|30-89 Day Assets
||(def.) Lending assets in default between 30 to 89 days.
|Acid Test Ratio
||(formula) Acid Test Ratio = Current Assets / Current Liabilities
|Actual to Provisions Ratio
||(computation) The ratio of gross charge-offs to provisions for loan losses in a given reporting period.
|Asset-Liability Liquidity Test
||(analysis methodology) Priority tiered paydown analysis of the capacity of tangible assets to liquidate the bank liabilities arranged by seniority of payout. Both nominal and stressed scenarios are tested.
|Bank Efficiency Ratio
Bank efficiency is a standard industry measure of operational business efficiency. It us used by bankers to track their cost of doing business. It is similar in concept to gross operating margins. Bank efficiency numbers are useful for analysis because they reveal how hard a bank is working to stay where it is in the marketplace. High efficiency numbers indicate a bank has to go to extraordinary efforts to retain customers and may be losing money doing so. Sometimes a bank will elect to do this in order to grow market share. It is usually not a good thing if they are doing it and market share is not growing or is growing in an unsustainbable direction.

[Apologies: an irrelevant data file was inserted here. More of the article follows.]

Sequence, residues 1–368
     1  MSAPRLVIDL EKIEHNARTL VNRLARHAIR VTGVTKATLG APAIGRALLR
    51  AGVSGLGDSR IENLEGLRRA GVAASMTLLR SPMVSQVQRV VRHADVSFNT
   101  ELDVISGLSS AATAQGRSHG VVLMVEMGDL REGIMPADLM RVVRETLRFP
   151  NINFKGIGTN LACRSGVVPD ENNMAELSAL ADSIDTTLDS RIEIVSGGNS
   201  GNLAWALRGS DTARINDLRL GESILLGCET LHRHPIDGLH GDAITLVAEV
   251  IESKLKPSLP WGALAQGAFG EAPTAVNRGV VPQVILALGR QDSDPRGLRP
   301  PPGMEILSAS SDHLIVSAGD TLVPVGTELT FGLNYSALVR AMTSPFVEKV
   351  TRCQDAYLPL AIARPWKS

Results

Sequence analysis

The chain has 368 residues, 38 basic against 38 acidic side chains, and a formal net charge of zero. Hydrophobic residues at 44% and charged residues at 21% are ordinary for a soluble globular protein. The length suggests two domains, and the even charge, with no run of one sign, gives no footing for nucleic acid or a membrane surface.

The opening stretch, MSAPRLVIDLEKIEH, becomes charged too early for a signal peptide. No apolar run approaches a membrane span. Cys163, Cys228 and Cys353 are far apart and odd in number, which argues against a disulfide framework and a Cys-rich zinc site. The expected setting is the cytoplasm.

Efficiency is a normative measure; that is, banks want to be within a certain ideal zone. The zones are,
- Under 55% - Operations are "coasting" and potentially under working the business potential.
- 65% - This is the ideal target efficiency for a bank. It roughly equates to a 35% gross margin on operations.
- Over 80% - Is considered Stressed
- Over 100% - Is considered Very Stressed
- Over 120% is considered Distressed
||Portion of deposits that were brokered as percentage of total deposits.
||Measures the business model split between the lending business model and the investing business model of an entity.
CAMELS is a bank regulatory acronym which stands for,
CAMELS are computed by the FDIC for each bank unit certificate holder. The ratings go from 1-best to 5-worst to indicate the safety and soundness condition of the bank. A similar measurement process by the Federal Reserve is known as a BOPEC. Due to the nature of the measurement process, CAMELS tend to be lagging indicators of bank soundness revealing degradation only after a confluence of issues of surfaced.
- Capital Adequacy
- Asset Quality
- Sensitivity to Market Risk
Because of the explicit use individually identified records as part of the examination process, by legal edict, official CAMELS are private and restricted for communications between a bank and its regulators.
In 2009, IRA was contracted by the Securities and Exchange Commission to develop a "Shadow" CAMELS measurement system based on using public data only as reported in FDIC Call Reports to estimate CAMELS for screening, analysis and surveillance purposes. Whereas regulatory CAMELS are integers, IRA's "Shadow" CAMELS are specified to track risk granularity down to 1/10ths.